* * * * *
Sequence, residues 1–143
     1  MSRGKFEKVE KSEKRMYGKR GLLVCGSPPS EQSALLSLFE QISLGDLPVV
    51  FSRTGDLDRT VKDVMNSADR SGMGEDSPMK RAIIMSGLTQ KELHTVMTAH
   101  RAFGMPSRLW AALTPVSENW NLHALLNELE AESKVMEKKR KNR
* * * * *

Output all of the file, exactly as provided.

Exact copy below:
Sequence, residues 1–143
     1  MSRGKFEKVE KSEKRMYGKR GLLVCGSPPS EQSALLSLFE QISLGDLPVV
    51  FSRTGDLDRT VKDVMNSADR SGMGEDSPMK RAIIMSGLTQ KELHTVMTAH
   101  RAFGMPSRLW AALTPVSENW NLHALLNELE AESKVMEKKR KNR